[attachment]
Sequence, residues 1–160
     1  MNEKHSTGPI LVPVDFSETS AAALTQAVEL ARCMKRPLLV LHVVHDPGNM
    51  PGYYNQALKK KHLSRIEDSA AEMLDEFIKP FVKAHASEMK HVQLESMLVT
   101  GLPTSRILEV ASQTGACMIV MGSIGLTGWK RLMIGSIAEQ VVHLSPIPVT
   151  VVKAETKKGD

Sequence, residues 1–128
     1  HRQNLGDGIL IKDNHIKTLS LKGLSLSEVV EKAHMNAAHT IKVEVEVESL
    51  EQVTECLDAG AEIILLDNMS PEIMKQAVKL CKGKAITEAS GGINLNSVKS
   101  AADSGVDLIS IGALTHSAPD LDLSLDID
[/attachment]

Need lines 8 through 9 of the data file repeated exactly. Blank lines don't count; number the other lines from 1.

    51  EQVTECLDAG AEIILLDNMS PEIMKQAVKL CKGKAITEAS GGINLNSVKS
   101  AADSGVDLIS IGALTHSAPD LDLSLDID